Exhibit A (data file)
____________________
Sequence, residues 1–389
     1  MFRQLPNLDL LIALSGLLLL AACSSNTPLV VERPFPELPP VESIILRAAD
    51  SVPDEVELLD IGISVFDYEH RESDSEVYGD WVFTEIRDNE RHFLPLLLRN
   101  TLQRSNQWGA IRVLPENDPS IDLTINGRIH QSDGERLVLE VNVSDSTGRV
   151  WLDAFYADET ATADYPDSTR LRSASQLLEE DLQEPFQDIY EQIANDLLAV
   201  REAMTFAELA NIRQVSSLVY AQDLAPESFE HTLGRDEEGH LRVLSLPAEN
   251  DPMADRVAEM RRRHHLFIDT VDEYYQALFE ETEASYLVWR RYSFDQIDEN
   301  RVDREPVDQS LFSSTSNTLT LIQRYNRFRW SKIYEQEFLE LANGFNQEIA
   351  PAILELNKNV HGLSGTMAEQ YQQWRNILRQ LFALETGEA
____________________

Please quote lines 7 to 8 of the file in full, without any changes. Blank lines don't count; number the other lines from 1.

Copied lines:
   251  DPMADRVAEM RRRHHLFIDT VDEYYQALFE ETEASYLVWR RYSFDQIDEN
   301  RVDREPVDQS LFSSTSNTLT LIQRYNRFRW SKIYEQEFLE LANGFNQEIA